Take Statins? What You Need to Know about Diabetes Risk

Lifestyle changes extra important for statin users
Take Statins? What You Need to Know about Diabetes Risk

Statin medications (statins) are drugs that help lower cholesterol levels in the blood to help prevent coronary heart disease for those at risk or who already have experienced some form of cardiovascular disease. Statins do carry certain risks that need balanced and managed through ongoing physician monitoring. A recent study highlights how important it is to manage diabetes risk factors when taking statins.

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New study examines statin-diabetes link

A higher than previously documented risk of Type 2 diabetes with statin use was recently reported in the journal Diabetologia. Various past studies have found a zero to 36 percent higher risk of developing diabetes while taking statins. An average risk of developing diabetes on statins is reported at approximately 9% in meta-analyses.

This latest study determined that men taking statins had a 46 percent higher risk of diabetes than those not on statins. Additionally, statin use was associated with a 24 percent reduction in insulin sensitivity and a 12 percent reduction in insulin secretion. Some previous studies evaluated fasting blood sugar, while this study applied more precise A1C and glucose tolerance tests.

Michael Rocco, MD, Medical Director of Cardiac Rehabilitation and Stress Testing, Section of Preventive Cardiology at Cleveland Clinic, reviewed the findings (he did not participate in the research). Dr. Rocco noted that the people who developed diabetes while taking statins were older, had a higher Body Mass Index (BMI), and a much higher incidence of cardiovascular disease.

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“It does look like people who have increased incidence of Type 2 diabetes on statins tend to be those already at highest risk for diabetes development,” says Dr. Rocco.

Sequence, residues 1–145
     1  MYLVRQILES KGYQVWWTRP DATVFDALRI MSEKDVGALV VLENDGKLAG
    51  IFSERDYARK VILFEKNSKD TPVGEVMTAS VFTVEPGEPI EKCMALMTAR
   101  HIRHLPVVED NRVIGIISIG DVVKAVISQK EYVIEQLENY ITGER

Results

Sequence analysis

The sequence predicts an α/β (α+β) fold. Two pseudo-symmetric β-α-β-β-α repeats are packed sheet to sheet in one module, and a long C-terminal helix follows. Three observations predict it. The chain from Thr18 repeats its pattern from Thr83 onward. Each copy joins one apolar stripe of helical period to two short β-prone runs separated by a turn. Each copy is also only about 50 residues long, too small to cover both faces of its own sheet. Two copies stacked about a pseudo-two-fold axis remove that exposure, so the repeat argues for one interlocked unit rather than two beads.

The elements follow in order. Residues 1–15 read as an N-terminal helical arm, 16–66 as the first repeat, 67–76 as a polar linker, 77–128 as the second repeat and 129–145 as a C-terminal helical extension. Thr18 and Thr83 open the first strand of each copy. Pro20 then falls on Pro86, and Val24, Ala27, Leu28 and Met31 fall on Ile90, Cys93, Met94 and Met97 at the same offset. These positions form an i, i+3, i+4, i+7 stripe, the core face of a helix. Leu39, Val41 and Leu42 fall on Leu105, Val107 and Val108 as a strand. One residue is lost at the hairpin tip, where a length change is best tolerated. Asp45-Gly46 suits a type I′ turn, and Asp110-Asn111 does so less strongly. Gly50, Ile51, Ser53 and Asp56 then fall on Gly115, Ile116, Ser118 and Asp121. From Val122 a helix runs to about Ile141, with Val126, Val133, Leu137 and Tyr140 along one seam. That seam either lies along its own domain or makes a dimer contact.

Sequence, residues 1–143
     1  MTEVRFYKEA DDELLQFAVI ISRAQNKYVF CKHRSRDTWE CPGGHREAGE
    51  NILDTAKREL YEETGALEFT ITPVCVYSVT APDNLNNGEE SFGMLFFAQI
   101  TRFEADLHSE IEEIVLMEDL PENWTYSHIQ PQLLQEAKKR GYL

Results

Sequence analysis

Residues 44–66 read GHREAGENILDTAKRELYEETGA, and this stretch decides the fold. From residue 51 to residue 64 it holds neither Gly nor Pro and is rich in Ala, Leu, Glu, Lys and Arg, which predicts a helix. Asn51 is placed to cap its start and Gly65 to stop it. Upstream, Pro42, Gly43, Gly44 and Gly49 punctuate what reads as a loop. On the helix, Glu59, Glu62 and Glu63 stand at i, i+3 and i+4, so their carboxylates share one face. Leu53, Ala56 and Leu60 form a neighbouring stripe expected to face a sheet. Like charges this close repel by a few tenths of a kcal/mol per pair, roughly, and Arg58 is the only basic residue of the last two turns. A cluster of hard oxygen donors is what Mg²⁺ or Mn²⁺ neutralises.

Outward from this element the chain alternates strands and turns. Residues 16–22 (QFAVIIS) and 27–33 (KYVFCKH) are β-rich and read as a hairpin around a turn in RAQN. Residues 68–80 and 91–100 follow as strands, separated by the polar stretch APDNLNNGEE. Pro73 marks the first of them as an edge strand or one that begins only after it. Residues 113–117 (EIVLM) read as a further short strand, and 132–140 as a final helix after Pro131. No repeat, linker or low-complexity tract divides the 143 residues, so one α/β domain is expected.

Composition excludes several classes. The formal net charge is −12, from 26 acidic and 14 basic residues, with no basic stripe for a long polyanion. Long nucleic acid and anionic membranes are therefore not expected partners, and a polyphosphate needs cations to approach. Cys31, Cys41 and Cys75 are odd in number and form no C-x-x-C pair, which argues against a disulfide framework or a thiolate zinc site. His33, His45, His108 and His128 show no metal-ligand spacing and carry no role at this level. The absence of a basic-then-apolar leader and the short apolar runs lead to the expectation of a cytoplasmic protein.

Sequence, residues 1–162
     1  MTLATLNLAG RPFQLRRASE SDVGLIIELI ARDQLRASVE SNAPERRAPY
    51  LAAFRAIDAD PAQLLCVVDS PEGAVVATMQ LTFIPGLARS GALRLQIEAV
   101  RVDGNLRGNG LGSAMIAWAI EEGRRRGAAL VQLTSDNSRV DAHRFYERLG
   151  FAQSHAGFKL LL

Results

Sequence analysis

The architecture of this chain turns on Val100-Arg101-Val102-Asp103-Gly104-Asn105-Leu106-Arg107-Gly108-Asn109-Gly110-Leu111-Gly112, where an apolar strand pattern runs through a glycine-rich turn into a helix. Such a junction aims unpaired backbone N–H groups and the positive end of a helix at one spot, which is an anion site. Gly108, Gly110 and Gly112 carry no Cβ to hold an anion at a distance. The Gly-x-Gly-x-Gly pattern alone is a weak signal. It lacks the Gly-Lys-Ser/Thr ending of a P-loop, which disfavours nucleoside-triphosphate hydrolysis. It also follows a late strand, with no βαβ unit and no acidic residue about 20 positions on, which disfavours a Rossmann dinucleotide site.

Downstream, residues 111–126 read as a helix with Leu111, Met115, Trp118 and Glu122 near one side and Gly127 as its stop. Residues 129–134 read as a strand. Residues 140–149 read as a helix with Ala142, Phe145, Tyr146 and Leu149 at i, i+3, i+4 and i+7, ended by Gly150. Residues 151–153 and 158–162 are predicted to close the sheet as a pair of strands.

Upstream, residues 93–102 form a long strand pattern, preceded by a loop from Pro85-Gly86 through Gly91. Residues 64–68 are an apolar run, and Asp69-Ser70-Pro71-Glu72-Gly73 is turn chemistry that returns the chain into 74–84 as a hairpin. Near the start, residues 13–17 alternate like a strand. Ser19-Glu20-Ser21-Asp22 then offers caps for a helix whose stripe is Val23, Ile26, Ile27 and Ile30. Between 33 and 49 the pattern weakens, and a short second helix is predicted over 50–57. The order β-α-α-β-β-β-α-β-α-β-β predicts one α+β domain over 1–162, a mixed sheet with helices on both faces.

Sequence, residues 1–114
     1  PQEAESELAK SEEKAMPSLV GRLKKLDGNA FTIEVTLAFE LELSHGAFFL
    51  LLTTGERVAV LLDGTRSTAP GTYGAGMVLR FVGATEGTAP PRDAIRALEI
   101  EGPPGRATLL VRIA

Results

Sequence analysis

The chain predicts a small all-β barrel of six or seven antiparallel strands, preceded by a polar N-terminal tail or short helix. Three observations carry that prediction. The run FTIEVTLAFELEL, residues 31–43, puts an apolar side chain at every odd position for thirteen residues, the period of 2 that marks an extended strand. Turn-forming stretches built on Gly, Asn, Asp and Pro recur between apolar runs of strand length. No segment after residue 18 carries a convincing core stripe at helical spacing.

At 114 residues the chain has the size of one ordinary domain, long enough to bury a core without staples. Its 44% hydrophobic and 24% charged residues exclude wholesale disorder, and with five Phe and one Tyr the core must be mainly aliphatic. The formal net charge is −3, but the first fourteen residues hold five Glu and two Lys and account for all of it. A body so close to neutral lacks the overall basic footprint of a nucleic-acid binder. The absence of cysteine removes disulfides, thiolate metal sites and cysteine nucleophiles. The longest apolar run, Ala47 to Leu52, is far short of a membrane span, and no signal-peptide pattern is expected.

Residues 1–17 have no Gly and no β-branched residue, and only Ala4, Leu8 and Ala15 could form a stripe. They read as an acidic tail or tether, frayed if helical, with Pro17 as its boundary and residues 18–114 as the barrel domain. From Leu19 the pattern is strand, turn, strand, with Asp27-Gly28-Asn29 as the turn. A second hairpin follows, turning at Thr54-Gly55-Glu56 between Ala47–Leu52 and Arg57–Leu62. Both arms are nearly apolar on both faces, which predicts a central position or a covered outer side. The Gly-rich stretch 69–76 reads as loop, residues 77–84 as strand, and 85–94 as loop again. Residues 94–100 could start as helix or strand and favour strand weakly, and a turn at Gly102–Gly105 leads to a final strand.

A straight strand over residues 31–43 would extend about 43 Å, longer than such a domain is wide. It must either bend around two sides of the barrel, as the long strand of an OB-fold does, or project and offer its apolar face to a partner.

Who should be concerned

The following individuals should be extra diligent in managing diabetes lifestyle risk factors if taking statins:

  • Overweight and older than 45 years of age
  • Overweight and under the age of 45, but have a family history of diabetes, high blood pressure, or high blood lipids
  • African-American, Native-American, Hispanic, or Asian
  • Have a history of gestational diabetes; or have given birth to a baby weighing 9 pounds or more

Lifestyle changes to manage diabetes risk

  • Engage in regular exercise
  • Consume a healthy diet
  • Maintain an ideal weight

What you should know

Because of this documented higher risk that statin treatment may bring, it is especially important to manage lifestyle risk factors for diabetes when taking statins. Dr. Rocco offers several pointers:

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  • Focus on weight management, diet and exercise to decrease overall risk of diabetes
  • Younger women should be prescribed statins for primary prevention only with careful physician consideration of cardiovascular risk
  • A reduced statin dose may be appropriate for those already at risk for developing diabetes, as well as extra monitoring for development of diabetes.

Key takeaway

It is important to continue taking statins if you and your physician determine you need them, while giving extra attention to making lifestyle changes to reduce your diabetes risks.

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